SpaceComm's Amos-17 completes in-orbit testing, reaches its final position

The communication satellite was launched in August to replace an earlier one that had failed.


Israel’s Space Communications on Monday said that its communication satellite, Amos-17, has successfully completed its in-orbit testing (IOT) and has reached its final position.

The satellite will provide communication services to Africa and the company will begin commercial operations in a few days.

According to Satellite Evolution, Spacecom CEO and president David Pollack said, “With commencement of Amos-17’s commercial operations, Spacecom now has three satellites servicing Africa’s growing telecom, broadband and broadcast needs: Amos-17, Amos-7 and Amos-4. Amos-17 is the most technologically advanced satellite with HTS beams to service Africa and fulfills our promise to make Africa a key element in our overall corporate strategy as we move forward to make a major difference in bridging the digital divide.”

 SpaceComms Amos-17 completes in-orbit testing, reaches its final position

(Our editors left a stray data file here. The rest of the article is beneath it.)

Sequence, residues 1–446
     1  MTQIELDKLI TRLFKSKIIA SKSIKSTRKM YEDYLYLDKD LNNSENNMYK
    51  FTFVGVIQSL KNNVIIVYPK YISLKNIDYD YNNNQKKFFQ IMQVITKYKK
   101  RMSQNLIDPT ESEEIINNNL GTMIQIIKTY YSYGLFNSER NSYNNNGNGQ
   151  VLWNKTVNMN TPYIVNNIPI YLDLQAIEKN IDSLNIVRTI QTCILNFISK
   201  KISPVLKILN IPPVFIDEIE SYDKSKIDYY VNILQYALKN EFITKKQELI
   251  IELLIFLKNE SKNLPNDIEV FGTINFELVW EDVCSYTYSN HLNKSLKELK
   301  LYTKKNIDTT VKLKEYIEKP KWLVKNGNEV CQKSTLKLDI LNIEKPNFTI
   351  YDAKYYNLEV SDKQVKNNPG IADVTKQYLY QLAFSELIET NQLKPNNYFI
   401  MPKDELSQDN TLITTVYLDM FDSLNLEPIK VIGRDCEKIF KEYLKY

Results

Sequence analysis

Launch of Amos-17 on the SpaceX Falcon-9 rocket. image credit: SpaceX

Amos-17 was launched in August this year and has a life span of two decades. It faced two major incidents and its launch date was pushed back. In 2016, SpaceComm loss the predecessor of Amos-17, the Amos-6 satellite, when the SpaceX rocket carrying it to orbit exploded. Amos-17 was built to replace Amos-6, and the launch was scheduled for 3 August. This was postponed to 6 August after SpaceX found an issue with a valve during a static fire test.

A static fire test is a standard test SpaceX conducts before all its launches. The first stage of the rocket is clamped down and its engines are briefly fired to check on the booster systems and to see if everything is working a-ok.

The advanced communications satellite belongs to Spacecom, an Israeli company. It is a heavy satellite, and so, the boosters will need all their fuel to put it into orbit, but won't have enough juice left to make their way back to the launchpad. The thrice-used boosters will end their brief, if illustrious career with an unceremonious splash in the ocean.

With inputs from Reuters. 


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